In fact, we’re in the midst of a deeply plum period for a type of timepiece that seems to enjoy a perpetual purple patch. With its swivelling game-changer the Reverso turning 85 this year, Jaeger-LeCoultre has come up with a refreshed range of the piece including, most excitingly of all, the customisable Atelier Reverso.
The latest iterations of the Boucheron Reflet, showcased at Basel 2016 – one featuring a marble face, another blue aventurine glass – also drew sharp intakes of breath on being unveiled. The Tank, meanwhile, edges towards its centenary in style, with the latest model – the Louis Cartier Sapphire Skeleton in pink-gold case – sitting near the summit of Cartier’s achievements to date.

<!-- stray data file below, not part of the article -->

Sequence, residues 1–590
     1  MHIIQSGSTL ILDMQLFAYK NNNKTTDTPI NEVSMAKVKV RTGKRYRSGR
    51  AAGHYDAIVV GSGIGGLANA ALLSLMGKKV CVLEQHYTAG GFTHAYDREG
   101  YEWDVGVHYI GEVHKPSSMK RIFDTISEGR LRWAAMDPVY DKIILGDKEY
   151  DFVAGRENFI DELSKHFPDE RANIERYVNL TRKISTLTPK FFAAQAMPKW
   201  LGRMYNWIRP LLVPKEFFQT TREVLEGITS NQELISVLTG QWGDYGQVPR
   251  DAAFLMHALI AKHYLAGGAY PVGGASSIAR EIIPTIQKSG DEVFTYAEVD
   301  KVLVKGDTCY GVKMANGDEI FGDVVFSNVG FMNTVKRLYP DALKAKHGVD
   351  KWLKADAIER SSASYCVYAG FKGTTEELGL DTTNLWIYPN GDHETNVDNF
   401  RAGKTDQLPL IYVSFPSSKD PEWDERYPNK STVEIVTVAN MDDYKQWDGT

Elsewhere, the Vacheron Constantin Historiques Aronde, a watch whose name, old French for “swallow”, refers to its seductive wing-like caseband flanks, contributes much to the sub-genre’s contemporary canon. Beautiful period pieces from Longines, Hamilton, Elgin, Tissot – not to mention Patek Philippe’s quirkily glorious “Top Hat” model – are still getting the discerning buyer salivating prolifically at auctions.
So why the enduring appeal? Partly it comes down to watch lovers’ innate yen for originality. “In watchmaking, it’s all about uniqueness as well as timeless elegance,” says Damian Otwinowski, Retail Director of Watches of Switzerland London flagships, “and rectangular shapes are still a rare part of new launches and core collections of brands.”